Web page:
The mining boom is behind a top performing materials sector. According to Standard & Poor’s, the materials sector has delivered an annualised return of 10.99 per cent for the 12 months to March 31, 2011 compared with a negative annualised return of .77 per cent for the S&P/ASX 200.

Over five years, the materials sector has rewarded investors with a 5.7 per cent annualised return compared to a negative 1.16 per cent for the S&P/ASX 200. The materials sector is broad, consisting of 747 companies across chemicals, construction materials, containers and packaging, metals and mining and paper and forest products.  Total market capitalisation of the sector was about $431 billion on April 19, 2011. According to Standard &Poor’s, the materials sector at 28.63 per cent of the total index is the second biggest behind financials at 37.58 per cent.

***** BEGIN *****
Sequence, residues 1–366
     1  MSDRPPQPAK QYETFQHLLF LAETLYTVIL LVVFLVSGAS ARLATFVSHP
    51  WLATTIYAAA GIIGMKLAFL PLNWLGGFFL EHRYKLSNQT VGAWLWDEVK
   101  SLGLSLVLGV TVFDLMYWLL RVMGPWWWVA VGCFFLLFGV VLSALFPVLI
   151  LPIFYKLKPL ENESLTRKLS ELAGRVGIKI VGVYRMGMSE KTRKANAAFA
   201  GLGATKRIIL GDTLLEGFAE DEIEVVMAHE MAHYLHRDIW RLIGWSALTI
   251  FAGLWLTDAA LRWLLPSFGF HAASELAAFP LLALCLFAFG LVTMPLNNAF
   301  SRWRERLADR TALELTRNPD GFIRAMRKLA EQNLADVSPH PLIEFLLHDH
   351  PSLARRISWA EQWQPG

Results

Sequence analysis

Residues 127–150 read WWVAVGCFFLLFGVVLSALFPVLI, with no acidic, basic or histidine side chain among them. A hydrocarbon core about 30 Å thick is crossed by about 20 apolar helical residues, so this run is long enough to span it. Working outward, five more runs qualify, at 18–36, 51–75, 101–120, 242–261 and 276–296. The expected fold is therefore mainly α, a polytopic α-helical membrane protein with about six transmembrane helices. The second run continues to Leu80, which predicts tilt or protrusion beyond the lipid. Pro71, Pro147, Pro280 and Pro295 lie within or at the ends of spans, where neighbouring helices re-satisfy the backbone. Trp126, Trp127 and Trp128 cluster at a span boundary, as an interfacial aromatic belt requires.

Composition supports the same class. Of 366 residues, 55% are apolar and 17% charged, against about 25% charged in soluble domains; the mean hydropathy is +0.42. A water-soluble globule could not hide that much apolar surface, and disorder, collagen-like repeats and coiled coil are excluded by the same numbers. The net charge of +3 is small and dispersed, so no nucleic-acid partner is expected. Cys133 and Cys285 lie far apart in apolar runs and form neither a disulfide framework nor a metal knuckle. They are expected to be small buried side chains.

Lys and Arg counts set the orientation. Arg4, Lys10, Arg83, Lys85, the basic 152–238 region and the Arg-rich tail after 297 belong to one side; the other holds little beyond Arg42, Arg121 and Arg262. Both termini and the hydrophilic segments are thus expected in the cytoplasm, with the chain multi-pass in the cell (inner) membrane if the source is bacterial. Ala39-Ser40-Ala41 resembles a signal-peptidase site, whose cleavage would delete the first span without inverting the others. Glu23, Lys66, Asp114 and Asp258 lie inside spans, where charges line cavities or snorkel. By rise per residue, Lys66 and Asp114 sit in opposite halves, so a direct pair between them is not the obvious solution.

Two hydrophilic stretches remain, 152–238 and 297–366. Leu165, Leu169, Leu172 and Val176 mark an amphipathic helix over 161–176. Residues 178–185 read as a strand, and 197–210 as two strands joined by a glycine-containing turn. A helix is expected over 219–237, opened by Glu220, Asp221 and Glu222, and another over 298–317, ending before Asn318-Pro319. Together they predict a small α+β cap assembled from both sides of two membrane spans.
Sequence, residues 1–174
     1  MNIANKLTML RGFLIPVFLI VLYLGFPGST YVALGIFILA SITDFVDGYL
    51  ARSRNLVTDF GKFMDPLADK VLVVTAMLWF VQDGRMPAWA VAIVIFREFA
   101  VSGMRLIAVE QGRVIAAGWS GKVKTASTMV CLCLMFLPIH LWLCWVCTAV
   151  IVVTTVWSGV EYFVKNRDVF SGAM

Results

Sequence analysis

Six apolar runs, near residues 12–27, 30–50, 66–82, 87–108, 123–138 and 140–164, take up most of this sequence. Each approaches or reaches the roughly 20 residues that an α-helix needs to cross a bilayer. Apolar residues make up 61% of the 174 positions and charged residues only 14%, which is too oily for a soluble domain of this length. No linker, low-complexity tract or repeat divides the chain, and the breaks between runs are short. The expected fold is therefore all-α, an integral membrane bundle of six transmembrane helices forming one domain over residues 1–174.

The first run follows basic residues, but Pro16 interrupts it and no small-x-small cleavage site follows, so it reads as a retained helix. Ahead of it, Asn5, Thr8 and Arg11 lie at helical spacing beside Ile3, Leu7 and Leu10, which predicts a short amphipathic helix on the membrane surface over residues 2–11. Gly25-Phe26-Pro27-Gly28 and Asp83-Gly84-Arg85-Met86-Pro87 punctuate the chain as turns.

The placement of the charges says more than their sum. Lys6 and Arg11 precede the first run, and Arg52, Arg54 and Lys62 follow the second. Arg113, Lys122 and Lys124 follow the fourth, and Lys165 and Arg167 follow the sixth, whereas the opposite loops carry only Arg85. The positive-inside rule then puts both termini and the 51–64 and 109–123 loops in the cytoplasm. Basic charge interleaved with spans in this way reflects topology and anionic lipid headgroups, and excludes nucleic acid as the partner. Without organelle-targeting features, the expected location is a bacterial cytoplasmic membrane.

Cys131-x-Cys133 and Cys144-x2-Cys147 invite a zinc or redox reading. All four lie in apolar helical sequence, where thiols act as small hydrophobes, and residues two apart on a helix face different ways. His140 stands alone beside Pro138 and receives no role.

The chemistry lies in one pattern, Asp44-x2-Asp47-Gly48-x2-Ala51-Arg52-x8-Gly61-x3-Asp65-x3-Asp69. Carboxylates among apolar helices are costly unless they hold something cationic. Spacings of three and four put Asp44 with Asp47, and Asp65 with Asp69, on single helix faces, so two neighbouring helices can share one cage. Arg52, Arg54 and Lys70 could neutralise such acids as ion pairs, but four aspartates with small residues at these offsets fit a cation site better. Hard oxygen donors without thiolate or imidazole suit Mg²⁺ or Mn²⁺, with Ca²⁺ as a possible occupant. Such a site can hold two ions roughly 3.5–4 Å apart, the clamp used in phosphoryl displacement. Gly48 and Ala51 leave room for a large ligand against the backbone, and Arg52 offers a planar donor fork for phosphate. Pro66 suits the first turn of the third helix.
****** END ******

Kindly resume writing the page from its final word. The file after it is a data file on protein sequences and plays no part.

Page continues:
Diversity and size makes the materials sector one of the most closely watched sub indexes of the ASX, according to Shawn Uldridge, of William Shaw Securities. He says macro factors, such as currency and commodity prices, have a significant impact on the performance of materials companies. Uldridge has extracted his best five stocks that should reward investors over the next two years if demand for their products remains strong.  

Fortescue Metals Group (FMG)

Chart: Share price over the year to 20110511 versus ASX200 (XJO)

Share price: $6.15
Market capitalisation: $20 billion
Price/earnings ratio:  20.06 times

Fortescue is the new force in Australian iron ore since making its first shipment in May 2008. Demand for iron ore continues to drive up the price. In its recent quarterly report up to March 31, 2011, Fortescue says the realised average selling price was US$162 a (dry) tonne, representing an 8 per cent increase on the previous period. It also reported a significant increase in its resource portfolio to more than 10 billion tonnes. However, Fortescue reported a 15 per cent reduction in shipping volumes to 8.4 million tonnes due to heavy rain impacting operations in the Pilbara region.